Drowsy Driving Prevention Week: Doing Your Part To Keep Roads Safe

Drowsy Driving Prevention Week: Doing Your Part To Keep Roads Safe

Drowsy Driving Prevention Week: November 3-10, 2019

Driving is dangerous, so it’s imperative that you be alert and aware anytime you get behind the wheel. Sleepy or drowsy drivers make an alarming number of mistakessome tests show that driving drowsy is just as bad as driving drunkand more people drive drowsy than you might realize. 

An estimated 1 in 25 drivers over the age of 18 have reported having fallen asleep while driving in the last 30 days alone, and The National Highway Traffic Safety Administration estimates that drowsy driving is responsible for up to 6,000 fatal crashes each year. While getting behind the wheel may be dangerous after a night of bad sleep, Driving Drowsy Prevention Week inspired us to share some tips so you can avoid making this mistake on the roads.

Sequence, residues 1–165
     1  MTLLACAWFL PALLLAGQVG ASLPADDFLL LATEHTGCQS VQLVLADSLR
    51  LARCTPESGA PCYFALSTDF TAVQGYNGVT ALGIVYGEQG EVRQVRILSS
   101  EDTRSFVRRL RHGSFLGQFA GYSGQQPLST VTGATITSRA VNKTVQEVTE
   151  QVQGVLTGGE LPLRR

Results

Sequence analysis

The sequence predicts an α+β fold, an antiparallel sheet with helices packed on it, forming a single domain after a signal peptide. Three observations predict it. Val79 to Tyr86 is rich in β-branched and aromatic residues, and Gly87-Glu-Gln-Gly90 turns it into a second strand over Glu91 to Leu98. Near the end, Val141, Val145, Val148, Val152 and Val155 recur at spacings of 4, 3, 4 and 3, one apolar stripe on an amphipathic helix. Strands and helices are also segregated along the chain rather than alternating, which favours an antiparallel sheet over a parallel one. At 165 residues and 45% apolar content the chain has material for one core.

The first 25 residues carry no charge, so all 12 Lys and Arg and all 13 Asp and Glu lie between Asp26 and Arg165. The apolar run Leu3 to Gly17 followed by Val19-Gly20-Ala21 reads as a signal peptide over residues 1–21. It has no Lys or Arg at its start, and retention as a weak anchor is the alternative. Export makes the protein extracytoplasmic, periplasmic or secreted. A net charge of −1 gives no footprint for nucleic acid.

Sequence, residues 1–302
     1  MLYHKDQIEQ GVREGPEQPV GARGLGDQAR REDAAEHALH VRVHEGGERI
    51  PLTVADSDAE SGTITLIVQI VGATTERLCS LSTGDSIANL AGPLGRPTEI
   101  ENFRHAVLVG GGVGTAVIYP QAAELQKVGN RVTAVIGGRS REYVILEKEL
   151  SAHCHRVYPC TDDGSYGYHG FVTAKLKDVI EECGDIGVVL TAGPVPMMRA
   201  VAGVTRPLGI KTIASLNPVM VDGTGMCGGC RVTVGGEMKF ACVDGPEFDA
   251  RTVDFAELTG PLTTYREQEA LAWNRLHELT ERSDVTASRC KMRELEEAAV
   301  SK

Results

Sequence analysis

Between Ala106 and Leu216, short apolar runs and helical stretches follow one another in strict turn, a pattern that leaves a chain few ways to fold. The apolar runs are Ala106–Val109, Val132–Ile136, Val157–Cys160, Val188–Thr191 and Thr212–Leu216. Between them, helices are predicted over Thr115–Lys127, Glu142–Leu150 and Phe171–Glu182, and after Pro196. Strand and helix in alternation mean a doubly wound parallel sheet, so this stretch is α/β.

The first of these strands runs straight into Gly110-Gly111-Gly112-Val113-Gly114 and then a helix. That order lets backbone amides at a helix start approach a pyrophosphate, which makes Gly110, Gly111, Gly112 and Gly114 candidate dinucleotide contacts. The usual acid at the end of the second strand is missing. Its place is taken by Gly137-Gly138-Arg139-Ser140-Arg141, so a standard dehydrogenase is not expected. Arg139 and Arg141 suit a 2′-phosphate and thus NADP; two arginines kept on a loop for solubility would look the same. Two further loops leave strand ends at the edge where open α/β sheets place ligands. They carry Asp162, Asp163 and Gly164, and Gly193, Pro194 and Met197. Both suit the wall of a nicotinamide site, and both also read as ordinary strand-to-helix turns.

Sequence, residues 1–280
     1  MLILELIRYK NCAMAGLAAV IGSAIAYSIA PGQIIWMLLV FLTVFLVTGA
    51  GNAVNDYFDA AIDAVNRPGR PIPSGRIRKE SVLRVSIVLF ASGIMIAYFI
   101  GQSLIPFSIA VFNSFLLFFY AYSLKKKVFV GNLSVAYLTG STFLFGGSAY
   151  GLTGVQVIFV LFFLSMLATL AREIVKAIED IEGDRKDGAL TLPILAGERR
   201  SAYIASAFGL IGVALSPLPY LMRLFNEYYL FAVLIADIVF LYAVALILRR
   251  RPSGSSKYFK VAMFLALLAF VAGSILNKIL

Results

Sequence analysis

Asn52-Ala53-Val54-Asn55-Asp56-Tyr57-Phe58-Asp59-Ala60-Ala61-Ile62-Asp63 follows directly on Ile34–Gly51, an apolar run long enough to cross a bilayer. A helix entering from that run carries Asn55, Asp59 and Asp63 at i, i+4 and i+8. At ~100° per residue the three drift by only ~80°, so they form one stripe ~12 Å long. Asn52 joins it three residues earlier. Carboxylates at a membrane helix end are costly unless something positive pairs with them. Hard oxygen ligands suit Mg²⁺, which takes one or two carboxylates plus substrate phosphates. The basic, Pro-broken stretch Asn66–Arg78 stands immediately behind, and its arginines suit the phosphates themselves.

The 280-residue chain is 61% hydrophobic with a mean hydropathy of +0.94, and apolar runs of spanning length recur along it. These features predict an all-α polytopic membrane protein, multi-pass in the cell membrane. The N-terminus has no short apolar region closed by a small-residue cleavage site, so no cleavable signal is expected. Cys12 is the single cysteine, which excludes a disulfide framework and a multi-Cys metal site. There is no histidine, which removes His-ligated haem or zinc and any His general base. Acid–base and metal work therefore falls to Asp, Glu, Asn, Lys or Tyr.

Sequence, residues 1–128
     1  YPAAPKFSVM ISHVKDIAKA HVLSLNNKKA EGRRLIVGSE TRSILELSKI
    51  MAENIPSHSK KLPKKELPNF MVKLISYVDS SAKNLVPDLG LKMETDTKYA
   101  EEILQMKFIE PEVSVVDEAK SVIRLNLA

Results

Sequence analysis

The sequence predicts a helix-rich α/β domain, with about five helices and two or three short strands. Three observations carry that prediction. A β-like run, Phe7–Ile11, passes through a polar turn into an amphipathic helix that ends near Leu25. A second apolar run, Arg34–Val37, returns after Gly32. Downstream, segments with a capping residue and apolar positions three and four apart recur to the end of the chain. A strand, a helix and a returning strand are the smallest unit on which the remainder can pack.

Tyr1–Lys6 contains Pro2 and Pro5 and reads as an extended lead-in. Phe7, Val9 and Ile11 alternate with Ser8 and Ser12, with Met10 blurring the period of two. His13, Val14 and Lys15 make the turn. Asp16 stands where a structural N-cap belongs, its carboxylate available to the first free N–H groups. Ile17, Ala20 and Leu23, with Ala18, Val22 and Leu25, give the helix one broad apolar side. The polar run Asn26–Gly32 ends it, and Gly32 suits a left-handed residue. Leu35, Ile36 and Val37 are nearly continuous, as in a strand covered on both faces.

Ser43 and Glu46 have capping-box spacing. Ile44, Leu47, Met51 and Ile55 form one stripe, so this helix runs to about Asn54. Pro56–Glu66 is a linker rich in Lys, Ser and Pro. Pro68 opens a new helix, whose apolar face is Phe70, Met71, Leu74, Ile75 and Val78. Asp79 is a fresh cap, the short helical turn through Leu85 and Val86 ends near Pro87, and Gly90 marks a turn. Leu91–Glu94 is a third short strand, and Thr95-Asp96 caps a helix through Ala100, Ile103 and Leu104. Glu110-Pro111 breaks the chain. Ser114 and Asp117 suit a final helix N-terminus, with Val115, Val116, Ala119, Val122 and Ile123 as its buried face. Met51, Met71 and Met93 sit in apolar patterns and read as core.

Drowsy Driving = Dangerous Driving

There are many reasons why people may be drowsy before they get in their car: a bad night’s sleep, crying baby, sick children, potty-training a puppy. The list is endless. But the reality is that getting behind the wheel when you’re tired results in dangerous driving, decreased focus on the road, slowed reaction times, and poor decision making skills. All of these problems threaten you on the road every time you choose to drive drowsy, even if you think you’re okay. 

Fatigue can prevent you from effectively anticipating the behaviors of those driving around you, pedestrians, and distractions in your own vehicle, like music or conversations. Plus, slowed reaction times make you less capable of avoiding accidents on the road and even in your neighborhood. All of these risks can be summed up by the ultimate risk of exercising poor judgement on the roadas well as poor decisions made before you even get in your car.